These are still rare results and can hardly be viewed as a trend, but there is a feeling that if the All Blacks aren’t at their best on a given day, they can be beaten. In 2015 and 2016, even on a bad day the All Blacks were too good for the chasing pack.

I can’t see how the All Blacks winning RWC again can cause any harm to the sport,” former Bok flank and captain Schalk Burger told Daily Maverick.

Sure all of us want South Africa to win RWC 2019, but if the All Blacks are the benchmark and win a hat-trick of titles, we will continue to improve and try catch them.”

Respected coach and former Bok centre Brendan Venter concurs: “The good news is that the rest are catching up to the All Blacks,” he told Daily Maverick. “But if the All Blacks stay ahead and win again, good luck to them.”

Burger believes that rugby has been boosted by events in Japan over the past six weeks and that the sport’s appeal has widened, notwithstanding the All Blacks’ continued success or not.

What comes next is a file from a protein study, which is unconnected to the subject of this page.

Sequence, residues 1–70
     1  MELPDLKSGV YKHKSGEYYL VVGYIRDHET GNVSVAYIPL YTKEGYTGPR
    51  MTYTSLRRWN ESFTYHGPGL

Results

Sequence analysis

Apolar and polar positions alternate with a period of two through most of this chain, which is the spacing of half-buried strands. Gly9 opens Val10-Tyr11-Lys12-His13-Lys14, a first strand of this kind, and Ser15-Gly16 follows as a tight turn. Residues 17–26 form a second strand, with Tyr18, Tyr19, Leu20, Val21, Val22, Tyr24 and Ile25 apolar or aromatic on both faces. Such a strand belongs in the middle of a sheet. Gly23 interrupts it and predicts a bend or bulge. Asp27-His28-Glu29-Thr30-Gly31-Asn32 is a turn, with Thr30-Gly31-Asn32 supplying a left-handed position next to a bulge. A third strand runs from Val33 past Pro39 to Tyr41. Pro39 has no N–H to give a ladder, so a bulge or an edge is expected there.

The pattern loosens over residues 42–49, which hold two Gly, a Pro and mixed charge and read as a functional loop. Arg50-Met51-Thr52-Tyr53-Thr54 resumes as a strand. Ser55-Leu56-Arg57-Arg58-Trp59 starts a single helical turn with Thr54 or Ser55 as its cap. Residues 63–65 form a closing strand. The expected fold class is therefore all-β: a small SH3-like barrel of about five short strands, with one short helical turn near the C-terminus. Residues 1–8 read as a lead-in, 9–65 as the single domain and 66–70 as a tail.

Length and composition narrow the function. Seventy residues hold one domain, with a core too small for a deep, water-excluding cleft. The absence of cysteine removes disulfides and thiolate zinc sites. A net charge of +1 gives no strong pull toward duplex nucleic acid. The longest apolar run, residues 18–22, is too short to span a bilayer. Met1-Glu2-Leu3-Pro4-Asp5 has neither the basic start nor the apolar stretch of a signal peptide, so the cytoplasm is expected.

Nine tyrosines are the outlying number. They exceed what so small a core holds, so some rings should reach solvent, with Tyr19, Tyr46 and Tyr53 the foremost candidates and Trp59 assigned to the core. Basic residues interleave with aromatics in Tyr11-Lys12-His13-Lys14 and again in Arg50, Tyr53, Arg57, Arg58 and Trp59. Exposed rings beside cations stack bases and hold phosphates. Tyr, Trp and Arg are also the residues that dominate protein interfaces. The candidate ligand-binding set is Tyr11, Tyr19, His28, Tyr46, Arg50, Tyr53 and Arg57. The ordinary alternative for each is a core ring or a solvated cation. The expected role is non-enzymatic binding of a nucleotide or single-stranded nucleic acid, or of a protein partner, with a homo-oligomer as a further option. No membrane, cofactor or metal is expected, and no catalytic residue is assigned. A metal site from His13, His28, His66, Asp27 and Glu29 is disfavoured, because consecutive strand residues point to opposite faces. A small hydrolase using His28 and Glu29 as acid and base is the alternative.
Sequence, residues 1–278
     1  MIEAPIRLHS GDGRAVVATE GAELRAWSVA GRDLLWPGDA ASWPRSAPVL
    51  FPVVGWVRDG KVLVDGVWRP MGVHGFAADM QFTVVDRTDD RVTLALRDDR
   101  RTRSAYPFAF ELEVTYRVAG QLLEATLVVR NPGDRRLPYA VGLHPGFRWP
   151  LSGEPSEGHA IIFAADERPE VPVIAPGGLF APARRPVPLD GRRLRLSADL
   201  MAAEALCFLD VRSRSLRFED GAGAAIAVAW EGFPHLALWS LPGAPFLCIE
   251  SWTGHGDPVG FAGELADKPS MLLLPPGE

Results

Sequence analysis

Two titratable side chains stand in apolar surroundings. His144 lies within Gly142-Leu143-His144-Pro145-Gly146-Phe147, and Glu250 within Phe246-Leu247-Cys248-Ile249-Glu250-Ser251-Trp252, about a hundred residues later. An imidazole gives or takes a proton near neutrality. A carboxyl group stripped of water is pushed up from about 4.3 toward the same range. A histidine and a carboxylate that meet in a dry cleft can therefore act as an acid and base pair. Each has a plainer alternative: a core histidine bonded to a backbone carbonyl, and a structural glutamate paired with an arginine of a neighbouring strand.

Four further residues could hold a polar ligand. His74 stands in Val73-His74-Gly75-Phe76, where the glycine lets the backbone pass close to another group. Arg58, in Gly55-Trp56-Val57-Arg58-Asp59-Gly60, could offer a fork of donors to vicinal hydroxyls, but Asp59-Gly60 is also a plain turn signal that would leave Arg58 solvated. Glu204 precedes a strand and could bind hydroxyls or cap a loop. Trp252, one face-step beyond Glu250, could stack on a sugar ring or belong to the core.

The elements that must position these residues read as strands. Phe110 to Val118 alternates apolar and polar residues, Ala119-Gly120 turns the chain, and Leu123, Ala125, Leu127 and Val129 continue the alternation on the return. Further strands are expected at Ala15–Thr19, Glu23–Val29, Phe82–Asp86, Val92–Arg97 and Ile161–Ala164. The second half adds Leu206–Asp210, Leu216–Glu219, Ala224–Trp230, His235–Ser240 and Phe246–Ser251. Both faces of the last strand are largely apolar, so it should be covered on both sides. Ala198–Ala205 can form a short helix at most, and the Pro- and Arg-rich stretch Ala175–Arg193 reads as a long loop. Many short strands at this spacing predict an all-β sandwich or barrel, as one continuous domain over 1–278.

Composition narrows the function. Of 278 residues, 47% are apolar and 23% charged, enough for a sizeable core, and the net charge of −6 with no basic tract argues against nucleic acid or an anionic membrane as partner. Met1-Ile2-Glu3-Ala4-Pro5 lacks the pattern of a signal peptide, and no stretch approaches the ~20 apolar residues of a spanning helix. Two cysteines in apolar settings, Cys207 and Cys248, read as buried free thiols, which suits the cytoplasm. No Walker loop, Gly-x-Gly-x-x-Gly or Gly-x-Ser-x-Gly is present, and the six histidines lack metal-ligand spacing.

The All Blacks are the biggest brand in our sport and if they win it will only enhance their status as the biggest name in rugby,” Burger said.

Above all else rugby will be in a much stronger place after the RWC 2019 regardless of the eventual winner. Japan has been a massive success.

Not only did the host nation become the first Asian side to reach a quarterfinal, but rugby fever has truly hit Japan this year, exposing the game to a range of different audiences.

It’s been educational for those who were exposed to rugby for the first time and a cultural experience for the die-hard fan.

I’ve loved watching this World Cup and by all accounts the players have loved being a part of it. So regardless of the eventual winner, RWC 2019 will leave the game in a very healthy state.” DM